The Music Critic Who Tried to Disappear

I'm sharing the essay that won the 2021 Virgil Thomson Award for Outstanding Music Criticism (announced yesterday by ASCAP)

I’m deeply gratified to receive the 2021 Virgil Thomson Award for Outstanding Music Criticism—announced yesterday by ASCAP. But it’s especially pleasing to get this award for an essay celebrating one of my heroes and role models, music critic Whitney Balliett. I’d like to think that the judges are honoring Balliett as much as me in making this move.

I’m sharing the piece below, with the permission of City Journal, where the essay first appeared. This also gives me a chance to thank Brian Anderson and Paul Beston, who commissioned the article, and helped with editing and in other ways. I also want to acknowledge the generous assistance of Whitney’s children Blue and Jamie, as well as Gary Giddins and Dan Morgenstern, who graciously shared their insights and perspectives.


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The Music Critic Who Tried to Disappear

A look back at magical vanishing act of jazz writer Whitney Balliett

by Ted Gioia

When people ask how I became a jazz pianist and authority on the music, I’m almost embarrassed to answer. They have heard so many colorful stories—about jazz pros who learned their craft at bordellos and speakeasies, accompanied by various illegal vices. My story is far less glamorous.

I learned about jazz at my local public library.

But even a library in a working-class neighborhood can be a magical place. And it certainly was for me during my adolescent and teen years. In those pre-Internet days, the local library was my information superhighway, my world wide web of wonder. And there I found my future vocation on a corner of a shelf marked 781.65, the Dewey Decimal classification for books on jazz, and the numerical homeland where much of my life’s work was destined to reside. Here lay a whole education to a mysterious music genre, which I could supplement with jazz vinyl­—also kept in the library, available for checkout and home listening—as well as enticing stacks of Downbeat and other music magazines.

In my mid-teens, long before I ever dared walked inside the door of a jazz club, these were my humble equivalents of Birdland and the Village Vanguard. And it was here I discovered the true poet of jazz, the writer who could capture the music and put it down on the printed page, turning a library into a portal on the jazz scene. His name was Whitney Balliett.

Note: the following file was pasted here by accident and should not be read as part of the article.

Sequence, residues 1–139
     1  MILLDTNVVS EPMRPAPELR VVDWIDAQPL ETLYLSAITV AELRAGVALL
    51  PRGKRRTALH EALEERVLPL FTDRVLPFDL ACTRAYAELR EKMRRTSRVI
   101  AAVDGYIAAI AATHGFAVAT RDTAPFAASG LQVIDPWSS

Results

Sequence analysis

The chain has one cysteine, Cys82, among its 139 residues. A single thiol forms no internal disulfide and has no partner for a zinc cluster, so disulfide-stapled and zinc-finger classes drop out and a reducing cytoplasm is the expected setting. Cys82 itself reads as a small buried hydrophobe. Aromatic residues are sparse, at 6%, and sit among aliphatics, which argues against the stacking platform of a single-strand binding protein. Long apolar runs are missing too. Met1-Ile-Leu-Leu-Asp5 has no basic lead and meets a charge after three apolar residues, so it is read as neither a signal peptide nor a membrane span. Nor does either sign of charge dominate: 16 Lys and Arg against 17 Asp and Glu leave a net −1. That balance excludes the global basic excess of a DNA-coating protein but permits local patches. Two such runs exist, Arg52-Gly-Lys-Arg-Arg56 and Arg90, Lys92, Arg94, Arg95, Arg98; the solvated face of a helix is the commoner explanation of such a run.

Balliett was different from the other jazz writers I was discovering back then—whose various quirks and personalities I gradually picked up from their books on that cherished shelf. In my library retreat, I became familiar with all of them. On one extreme, were cozy jazz insiders like Gene Lees, Nat Hentoff and Leonard Feather, who hung out with the musicians, called them by their first names, and treated them as close friends—Feather, for example, enlisted Billie Holiday as godmother to his daughter, and was a pallbearer at Charlie Parker’s funeral. He even wrote a book called Inside Jazz, almost a taunt at his peers, who would never be as much an insider as him. At the other extreme, were the musicologists and analytical critics such as Gunther Schuller, André Hodeir, and Martin Williams, who maintained more distance in their writings, aspiring to a kind of academic objectivity. They also proved to be invaluable guides, teaching me about the rigorous rules and steely discipline that underlay this seemingly most spontaneous of art forms.

But Balliett didn’t belong in either of those camps, or any camp as far as I could tell. He somehow retained the enthusiasm of a fan, but married to the expressive virtuosity of a master writer, one who could extract from his typewriter something akin to what others drew from their saxophones and trumpets. It was almost as if he were a jazz musician himself, but one who wrote essays for The New Yorker instead of soloed over “I Got Rhythm” chords.

In fact, Balliett had been a jazz musician, but only on the uttermost fringes of the music. In his school days at Phillips Exeter Academy, he had apprenticed as a drummer in a traditional Dixieland jazz band, and was soon gigging at a yacht club. Needless to say, in the rough-and-tumble world of 1940s jazz, where you made your name at Harlem jam sessions and in road-weary traveling bands, this was not a promising start. But Balliett was destined for a different path, and almost immediately after his time at Cornell, interrupted by military service during World War II, he took a job at The New Yorker.